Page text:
“It matters that we choose someone who saw the wasted potential of our children denied pre-K and gave it to every single one of them for free.” – Mayor Bill de Blasio
“Passing a family bill of rights that includes a national paid leave plan, universal pre-K, affordable daycare, and making sure that women and families can thrive in the workplace no matter who they are.” –Senator Kirsten Gillibrand
“I will also immediately put in place a meaningful process for reviewing the cases for asylum. I will release children from cages. I will get rid… of the private detention centers. And I will ensure that this microphone that the president of the United States holds in her hand is used in a way… that is about reflecting the values of our country and not about locking children up, separating them from their parents.” –Senator Kamala Harris
“We can save ourselves. We can save our children. We can save our grandchildren. And we can save literally the life on this planet. This is our moment.” –Governor Jay Inslee
“My life and my career and my work in the Senate has been about economic opportunity. And to me, this means better childcare for everyone in this country.” – Senator Amy Klobuchar
“We would not build walls. We would not put kids in cages. In fact, we would spare no expense to reunite the families that have been separated already… and we would not criminally prosecute any family who is fleeing violence and persecution…” –Representative Beto O’Rourke
“We need to start dealing with the trauma that our kids have. We need trauma-based care in every school. We need social and emotional learning in every school. Ninety percent of the shooters who do school shootings come from the school they’re in, and 73 percent of them feel shamed, traumatized, or bullied. We need to make sure that these kids feel connected to the school. That means a mental health counselor in every single school in the United States. We need to start playing offense. ” -Representative Tim Ryan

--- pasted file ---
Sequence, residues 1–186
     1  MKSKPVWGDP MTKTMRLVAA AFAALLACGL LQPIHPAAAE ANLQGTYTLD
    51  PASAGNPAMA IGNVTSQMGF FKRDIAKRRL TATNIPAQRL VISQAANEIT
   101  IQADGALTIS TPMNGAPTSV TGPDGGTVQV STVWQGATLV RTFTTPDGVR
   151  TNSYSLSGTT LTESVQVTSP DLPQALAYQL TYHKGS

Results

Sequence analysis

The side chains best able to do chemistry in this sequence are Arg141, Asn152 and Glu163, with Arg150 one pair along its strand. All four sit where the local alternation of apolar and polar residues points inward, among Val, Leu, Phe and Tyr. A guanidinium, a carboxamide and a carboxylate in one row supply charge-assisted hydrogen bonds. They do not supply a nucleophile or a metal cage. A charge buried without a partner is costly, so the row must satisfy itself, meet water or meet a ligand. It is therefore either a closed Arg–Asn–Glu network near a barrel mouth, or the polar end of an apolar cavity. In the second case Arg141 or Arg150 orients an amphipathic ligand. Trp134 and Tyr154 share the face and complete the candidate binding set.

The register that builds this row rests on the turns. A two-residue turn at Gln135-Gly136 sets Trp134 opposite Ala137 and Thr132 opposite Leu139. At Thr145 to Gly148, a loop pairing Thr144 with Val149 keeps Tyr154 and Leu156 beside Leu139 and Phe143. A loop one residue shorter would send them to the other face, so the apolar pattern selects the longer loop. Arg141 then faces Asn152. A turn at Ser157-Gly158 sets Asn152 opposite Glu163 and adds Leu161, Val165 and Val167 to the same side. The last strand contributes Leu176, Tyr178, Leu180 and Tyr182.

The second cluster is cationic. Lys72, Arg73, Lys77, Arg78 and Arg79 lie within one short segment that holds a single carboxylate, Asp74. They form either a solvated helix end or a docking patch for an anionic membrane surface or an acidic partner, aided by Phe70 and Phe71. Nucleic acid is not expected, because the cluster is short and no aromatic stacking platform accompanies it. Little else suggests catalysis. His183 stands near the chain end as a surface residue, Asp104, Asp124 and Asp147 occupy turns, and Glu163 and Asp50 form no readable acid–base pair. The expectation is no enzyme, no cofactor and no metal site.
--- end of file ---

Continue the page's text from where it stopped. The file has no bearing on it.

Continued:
“I will approach this issue as a prosecutor. I’ll approach it as the only person on this stage who has voted and passed background checks. But also as a parent, of a generation who sends our children to school where we look at what they’re wearing so we can remember it in case we have to identify them later. A generation who has seen thousands of black children killed in our streets. And a generation who goes to the theater and we actually look where the fire exits are. We don’t have to live this way. We must must be a country who loves our children more than we love our guns.” –Representative Eric Swalwell
“Seven children will die today from gun violence, children and teenagers. And they won’t just die in mass shootings. They’ll die on sidewalks, they’ll die in playgrounds, they’ll die in people’s backyards. Gun violence is a national health emergency in this country. And we need to treat it like that.” –Senator Elizabeth Warren
“If you forcibly take a child from their parents’ arms, you are kidnapping them. And if you take a lot of children and you put them in a detainment center, that’s inflicting chronic trauma upon them. That’s called child abuse. This is collective child abuse.” – Marianne Williamson
As noted through this analysis, important topics related to children were discussed during the debates. However, the issues affecting children have not been addressed as much as they should, and they have seldom been the primary issue for any of the campaigns that participated in last week’s debates. This serves to us, the Caucus for Kids campaign, as a reminder of the work that needs to be done leading up to the February caucuses to ensure that Iowans can access information about every candidate’s positions regarding children’s issues. We have seven months to achieve this so Iowa can caucus with kids in mind and we need your help. You can make a difference by attending candidate events, asking the hard questions and getting some answers. If you’re interested, please contact Jill Applegate (email@example.com).